Veterans, pets need quieter fireworks
As I watched and listened to fireworks last night, I was amazed at how hypocritical and unconscionable those with responsibility can be.
Politicians and those in control tell us how they are concerned with veterans and our pets, mostly dogs. For many veterans, fireworks bring back horrifying memories of battle.
For our dogs, like mine, they are beautiful to watch, yet the loud noise and startling vibrations of the explosions are terrifying to them.
The local government of Collecchio, Italy has enacted a law. Their town allows only silent fireworks. They are spectacular to see but do not have a terrifying bang.
Isn’t it time we adopted a similar law?
Lionel T. Bauman, Baldwin
The writer served in the Army in Vietnam in 1967.
I am proud to say that I am ‘woke’
Many politicians and news personalities are voicing contempt for people being "woke." They claim that college campuses are indoctrinating our youth with "woke culture." They deride the military and call it weak because of woke culture.
One definition of woke is "alert to injustice in society, especially racism." To me, not being woke means your growth stopped at about age 10. You didn’t grow intellectually, emotionally, spiritually or societally. Your opinions, prejudices, preconceptions and biases are set in stone.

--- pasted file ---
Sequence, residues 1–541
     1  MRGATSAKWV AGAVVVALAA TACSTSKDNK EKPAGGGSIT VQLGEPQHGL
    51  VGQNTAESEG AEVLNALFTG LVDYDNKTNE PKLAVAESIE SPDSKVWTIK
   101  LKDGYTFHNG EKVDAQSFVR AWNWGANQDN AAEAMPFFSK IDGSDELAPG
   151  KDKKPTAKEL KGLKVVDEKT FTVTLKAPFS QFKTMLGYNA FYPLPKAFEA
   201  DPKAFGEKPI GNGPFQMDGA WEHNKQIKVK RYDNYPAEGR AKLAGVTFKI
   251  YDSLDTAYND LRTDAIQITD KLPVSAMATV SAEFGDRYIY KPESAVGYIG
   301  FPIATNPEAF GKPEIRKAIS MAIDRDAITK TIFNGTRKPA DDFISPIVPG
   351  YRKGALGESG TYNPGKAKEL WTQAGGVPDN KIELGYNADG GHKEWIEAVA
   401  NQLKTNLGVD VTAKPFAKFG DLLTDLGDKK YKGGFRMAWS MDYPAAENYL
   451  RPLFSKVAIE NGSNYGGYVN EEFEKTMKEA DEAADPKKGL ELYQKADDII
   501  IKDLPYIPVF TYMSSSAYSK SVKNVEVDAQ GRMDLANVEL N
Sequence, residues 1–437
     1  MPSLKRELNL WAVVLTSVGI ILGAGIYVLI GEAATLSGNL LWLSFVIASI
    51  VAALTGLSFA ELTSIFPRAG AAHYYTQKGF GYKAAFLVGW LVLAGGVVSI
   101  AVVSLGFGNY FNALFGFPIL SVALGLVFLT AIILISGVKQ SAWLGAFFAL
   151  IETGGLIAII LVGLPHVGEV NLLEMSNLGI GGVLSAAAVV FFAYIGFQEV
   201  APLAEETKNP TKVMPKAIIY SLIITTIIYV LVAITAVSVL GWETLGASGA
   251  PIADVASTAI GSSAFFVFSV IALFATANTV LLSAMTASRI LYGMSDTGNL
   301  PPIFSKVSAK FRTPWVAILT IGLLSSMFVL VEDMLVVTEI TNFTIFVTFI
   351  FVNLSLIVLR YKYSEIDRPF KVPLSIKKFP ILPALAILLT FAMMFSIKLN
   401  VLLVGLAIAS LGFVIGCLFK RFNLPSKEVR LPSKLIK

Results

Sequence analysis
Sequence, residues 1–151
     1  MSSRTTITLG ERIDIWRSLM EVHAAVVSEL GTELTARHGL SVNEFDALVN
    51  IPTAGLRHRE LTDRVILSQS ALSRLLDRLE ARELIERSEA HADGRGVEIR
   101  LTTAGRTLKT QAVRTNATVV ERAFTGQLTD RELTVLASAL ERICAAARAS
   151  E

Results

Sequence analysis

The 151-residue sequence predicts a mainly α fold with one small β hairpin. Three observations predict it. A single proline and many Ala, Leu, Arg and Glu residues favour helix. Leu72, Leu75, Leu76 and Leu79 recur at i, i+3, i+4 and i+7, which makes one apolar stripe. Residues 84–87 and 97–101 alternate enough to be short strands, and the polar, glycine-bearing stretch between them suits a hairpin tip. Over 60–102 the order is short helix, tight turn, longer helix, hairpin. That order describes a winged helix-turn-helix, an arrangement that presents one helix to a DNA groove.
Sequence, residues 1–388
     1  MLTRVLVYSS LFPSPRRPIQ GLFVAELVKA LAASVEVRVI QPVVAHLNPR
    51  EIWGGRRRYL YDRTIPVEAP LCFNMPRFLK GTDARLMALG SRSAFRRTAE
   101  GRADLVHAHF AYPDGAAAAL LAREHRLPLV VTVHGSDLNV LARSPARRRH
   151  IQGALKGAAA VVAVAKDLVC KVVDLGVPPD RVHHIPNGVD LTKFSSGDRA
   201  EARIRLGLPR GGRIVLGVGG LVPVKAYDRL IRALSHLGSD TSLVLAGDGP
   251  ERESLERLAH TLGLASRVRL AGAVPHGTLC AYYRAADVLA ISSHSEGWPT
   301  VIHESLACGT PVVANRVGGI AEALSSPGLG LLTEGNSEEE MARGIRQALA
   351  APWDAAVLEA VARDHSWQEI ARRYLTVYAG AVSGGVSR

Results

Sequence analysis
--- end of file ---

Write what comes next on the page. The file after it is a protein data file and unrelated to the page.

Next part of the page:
I’ve grown as a person; I’ve listened to other people and learned from their experiences. I think of the words and actions I used in my teens, twenties and even thirties and am appalled at how ignorant I was and unaware of the pain I might have caused. Being woke is uncomfortable. It’s not pleasant to realize the hurt I may have caused others by being so unaware of their lives and experiences. Growing can be painful, but it’s necessary because that which doesn’t grow, dies. The medical term is "failure to thrive." Someone who refuses to change is "failing to thrive."
I’m proud to be woke and vow to continue evolving.
Rosanne Manfredi, Bay Shore
Today, we need more shades of gray
There is constant pressure in today’s world to take sides on issues. It seems that there is no middle ground anymore. This is not meant to be a political statement. Presently, any assertion of any belief is met with either adoration or scorn, depending upon who the audience is for that statement.
This is not to say that a person should not stick up for one’s beliefs. Quite the contrary, commitment is essential to the achievement of goals. However, moderation seems to be the essential ingredient missing from the equation.
Indeed, the most devastating ideology that seems to be prevalent in society is not that I am right and you are wrong. No, it is the much more dangerous, yet more insidious point of view is that I am right, and you are evil! The demonizing of opponents does not allow for the free flow of ideas. If your opponent is evil, then you would never accept any position put forth by him or her. Therefore, the middle ground can never be located. If only we could see more shades of gray.
William John Rostron, Middle Island